--namespace mushop-utilities

Deploy MuShop

Deploying the full application requires cloud backing services from Oracle Cloud Infrastructure. These services must be provisioned manually and are configured using kubernetes secrets.


  1. Provision an Autonomous Transaction Processing (ATP) database. Once RUNNING:

    • Configure Oracle Database API for MongoDB

      • Update network access type to Secure access from allowed IPs and VCNs only and set your public IP address.

      • Go to Database Actions, select Oracle Database API for MongoDB related service, extract the database host from the url and copy it for later usage (oadb_host value in the oadb-connection secret)

        Extracted host format: <adb-id>-<db-name>.adb.<oci-region>.oraclecloudapps.com

      • Update network access type by replacing your public IP address with the OKE virtual cloud network.

    • Create oadb-admin secret containing the database administrator password. Used once for schema initializations.

      kubectl create secret generic oadb-admin \
        --namespace mushop \
    • Download the DB Connection Wallet and create oadb-wallet secret with the Wallet contents using the downloaded Wallet_*.zip. The extracted Wallet_* directory is specified as the secret contents.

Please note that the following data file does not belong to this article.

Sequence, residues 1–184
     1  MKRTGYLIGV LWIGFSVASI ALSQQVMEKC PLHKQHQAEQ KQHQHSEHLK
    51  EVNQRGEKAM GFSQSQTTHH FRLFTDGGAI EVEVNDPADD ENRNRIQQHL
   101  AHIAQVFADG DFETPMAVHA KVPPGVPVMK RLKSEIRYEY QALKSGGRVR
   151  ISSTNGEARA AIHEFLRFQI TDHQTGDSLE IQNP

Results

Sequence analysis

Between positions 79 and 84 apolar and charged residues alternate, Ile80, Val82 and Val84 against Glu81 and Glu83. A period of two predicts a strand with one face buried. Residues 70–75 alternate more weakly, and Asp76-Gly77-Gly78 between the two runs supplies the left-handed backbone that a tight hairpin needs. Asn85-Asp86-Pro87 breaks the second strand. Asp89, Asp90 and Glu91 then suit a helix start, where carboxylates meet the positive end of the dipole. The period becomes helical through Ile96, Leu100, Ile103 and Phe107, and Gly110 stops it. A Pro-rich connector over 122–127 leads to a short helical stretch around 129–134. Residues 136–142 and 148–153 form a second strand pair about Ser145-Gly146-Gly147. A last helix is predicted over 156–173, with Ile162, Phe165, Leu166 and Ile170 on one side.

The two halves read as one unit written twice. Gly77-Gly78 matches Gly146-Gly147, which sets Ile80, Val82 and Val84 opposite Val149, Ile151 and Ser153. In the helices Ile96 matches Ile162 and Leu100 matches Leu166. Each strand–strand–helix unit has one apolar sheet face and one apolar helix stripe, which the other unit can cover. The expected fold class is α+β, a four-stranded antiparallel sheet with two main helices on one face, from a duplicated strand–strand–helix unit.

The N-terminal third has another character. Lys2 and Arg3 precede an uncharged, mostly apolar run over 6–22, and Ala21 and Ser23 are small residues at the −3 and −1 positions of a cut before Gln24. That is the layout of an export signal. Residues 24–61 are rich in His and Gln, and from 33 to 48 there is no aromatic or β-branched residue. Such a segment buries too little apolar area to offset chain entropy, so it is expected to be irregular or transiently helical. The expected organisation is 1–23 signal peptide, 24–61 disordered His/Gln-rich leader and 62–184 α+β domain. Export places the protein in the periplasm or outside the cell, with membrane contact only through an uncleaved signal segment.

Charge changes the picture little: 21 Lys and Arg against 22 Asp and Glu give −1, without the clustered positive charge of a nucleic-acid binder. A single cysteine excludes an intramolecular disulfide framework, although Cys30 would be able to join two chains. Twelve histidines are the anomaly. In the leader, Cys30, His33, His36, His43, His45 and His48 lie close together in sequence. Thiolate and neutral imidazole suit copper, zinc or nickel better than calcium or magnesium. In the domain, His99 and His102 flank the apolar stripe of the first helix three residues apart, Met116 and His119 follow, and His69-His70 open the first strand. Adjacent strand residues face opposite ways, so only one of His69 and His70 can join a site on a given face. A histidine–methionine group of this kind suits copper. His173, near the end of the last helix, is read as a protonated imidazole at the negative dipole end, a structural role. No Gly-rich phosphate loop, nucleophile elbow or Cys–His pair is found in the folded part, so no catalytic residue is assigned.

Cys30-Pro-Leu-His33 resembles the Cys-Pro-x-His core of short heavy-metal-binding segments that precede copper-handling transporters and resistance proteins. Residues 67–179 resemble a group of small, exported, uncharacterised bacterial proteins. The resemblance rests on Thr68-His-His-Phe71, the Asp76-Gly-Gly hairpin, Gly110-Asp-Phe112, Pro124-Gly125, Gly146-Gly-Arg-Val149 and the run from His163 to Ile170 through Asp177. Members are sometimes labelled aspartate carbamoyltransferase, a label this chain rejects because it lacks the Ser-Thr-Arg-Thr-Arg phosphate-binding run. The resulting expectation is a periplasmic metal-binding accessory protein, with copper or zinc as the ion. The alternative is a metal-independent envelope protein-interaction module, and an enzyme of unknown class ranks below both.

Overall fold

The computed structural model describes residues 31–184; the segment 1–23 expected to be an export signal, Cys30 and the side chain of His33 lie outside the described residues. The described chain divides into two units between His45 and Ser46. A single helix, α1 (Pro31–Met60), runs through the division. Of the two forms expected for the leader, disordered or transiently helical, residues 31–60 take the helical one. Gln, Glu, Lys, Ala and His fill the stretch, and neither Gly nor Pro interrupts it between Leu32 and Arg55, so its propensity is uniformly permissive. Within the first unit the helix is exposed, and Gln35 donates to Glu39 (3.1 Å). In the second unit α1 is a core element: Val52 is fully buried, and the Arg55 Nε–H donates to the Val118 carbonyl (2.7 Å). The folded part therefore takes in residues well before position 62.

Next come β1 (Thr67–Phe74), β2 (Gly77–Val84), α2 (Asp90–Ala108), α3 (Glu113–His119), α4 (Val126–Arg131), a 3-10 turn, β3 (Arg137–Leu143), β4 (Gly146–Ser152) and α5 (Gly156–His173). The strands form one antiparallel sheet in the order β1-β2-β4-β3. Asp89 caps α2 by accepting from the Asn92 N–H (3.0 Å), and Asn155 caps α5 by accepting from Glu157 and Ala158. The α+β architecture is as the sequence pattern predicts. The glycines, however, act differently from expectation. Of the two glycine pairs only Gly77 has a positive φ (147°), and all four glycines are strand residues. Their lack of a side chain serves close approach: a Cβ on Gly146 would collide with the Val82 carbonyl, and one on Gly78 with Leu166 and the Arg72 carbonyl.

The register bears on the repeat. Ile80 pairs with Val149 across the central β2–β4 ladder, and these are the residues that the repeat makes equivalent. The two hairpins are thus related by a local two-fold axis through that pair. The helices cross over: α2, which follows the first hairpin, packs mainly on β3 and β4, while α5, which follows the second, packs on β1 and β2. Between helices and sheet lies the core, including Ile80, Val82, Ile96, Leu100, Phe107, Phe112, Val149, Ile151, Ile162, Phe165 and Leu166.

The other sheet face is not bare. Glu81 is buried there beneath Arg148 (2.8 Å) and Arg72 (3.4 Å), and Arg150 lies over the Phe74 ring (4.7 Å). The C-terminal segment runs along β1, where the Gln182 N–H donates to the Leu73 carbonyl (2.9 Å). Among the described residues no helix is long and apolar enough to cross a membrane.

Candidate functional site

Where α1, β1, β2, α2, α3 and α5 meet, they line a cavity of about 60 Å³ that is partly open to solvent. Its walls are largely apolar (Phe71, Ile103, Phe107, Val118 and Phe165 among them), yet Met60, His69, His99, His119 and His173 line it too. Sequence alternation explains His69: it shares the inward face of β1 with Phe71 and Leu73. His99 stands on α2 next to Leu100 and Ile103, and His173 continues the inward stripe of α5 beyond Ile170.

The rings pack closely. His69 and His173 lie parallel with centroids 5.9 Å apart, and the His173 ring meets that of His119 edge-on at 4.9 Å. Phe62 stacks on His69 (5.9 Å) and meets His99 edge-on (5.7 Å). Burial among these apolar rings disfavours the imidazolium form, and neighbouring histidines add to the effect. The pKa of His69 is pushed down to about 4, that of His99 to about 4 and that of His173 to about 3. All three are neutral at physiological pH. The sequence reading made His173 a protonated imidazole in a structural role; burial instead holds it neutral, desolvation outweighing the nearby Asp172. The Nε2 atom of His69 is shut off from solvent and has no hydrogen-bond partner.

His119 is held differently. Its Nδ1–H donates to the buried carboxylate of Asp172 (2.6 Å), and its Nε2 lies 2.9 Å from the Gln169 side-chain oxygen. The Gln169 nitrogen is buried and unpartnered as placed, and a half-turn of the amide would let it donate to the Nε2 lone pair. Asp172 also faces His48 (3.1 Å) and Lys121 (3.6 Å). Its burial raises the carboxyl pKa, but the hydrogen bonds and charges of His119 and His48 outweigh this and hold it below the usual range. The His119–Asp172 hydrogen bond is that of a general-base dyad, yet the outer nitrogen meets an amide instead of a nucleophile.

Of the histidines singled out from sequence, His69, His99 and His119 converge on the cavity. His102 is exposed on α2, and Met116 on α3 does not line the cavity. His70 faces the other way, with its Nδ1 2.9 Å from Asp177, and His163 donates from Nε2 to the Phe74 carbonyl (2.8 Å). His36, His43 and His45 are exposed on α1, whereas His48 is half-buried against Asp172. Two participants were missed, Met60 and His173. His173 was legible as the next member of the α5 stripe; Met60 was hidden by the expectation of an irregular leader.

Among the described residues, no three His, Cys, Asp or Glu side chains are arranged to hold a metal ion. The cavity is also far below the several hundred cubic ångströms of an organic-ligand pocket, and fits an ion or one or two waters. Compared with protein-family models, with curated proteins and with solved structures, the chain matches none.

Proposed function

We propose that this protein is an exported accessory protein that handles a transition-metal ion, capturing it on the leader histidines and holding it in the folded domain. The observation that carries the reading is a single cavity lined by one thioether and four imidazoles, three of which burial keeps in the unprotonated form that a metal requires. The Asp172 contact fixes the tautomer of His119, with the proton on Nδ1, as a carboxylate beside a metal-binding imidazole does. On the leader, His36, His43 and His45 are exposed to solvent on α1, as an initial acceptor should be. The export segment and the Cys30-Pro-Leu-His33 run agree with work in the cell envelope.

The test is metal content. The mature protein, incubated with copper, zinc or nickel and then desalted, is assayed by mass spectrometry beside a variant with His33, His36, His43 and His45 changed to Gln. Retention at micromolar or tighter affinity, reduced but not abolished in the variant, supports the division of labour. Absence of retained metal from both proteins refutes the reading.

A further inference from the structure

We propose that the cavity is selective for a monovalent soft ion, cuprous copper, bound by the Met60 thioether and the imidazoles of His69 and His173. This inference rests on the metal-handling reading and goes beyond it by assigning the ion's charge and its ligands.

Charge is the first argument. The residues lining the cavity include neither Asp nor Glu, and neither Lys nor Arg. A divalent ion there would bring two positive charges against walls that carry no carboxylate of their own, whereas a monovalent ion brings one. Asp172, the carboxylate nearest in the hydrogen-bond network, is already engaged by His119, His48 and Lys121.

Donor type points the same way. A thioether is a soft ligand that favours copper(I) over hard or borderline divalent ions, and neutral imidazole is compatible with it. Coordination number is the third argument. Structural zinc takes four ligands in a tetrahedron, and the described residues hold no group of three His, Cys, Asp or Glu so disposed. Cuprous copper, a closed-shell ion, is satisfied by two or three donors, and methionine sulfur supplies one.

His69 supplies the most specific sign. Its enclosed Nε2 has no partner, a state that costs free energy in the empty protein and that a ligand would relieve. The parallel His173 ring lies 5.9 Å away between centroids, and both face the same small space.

kubectl create secret generic oadb-wallet \
        --namespace mushop \
    • Create oadb-connection secret with the Wallet password and the service TNS name to use for connections.

      kubectl create secret generic oadb-connection \
        --namespace mushop \
        --from-literal=oadb_wallet_pw='<DB_WALLET_PASSWORD>' \
        --from-literal=oadb_service='<DB_TNS_NAME>' \
        --from-literal=oadb_ocid='<DB_OCID>' \

      Each database has 5 unique TNS Names displayed when the Wallet is downloaded an example would be mushopdb_TP.

  2. Optional: Instead of creating a shared database for the entire application, you may establish full separation of services by provisioning individual ATP instances for each service that requires a database. To do so, repeat the previous steps for each database (Oracle Database API for MongoDB configuration step and oadb_host in the oadb-connection secret are required only for the carts database) and give each secret a unique name, for example: carts-oadb-admin, carts-oadb-connection, carts-oadb-wallet.

    • carts
    • catalogue
    • orders
    • user
  3. Authorize instances to manage ATP databases

    • Create a Dynamic Group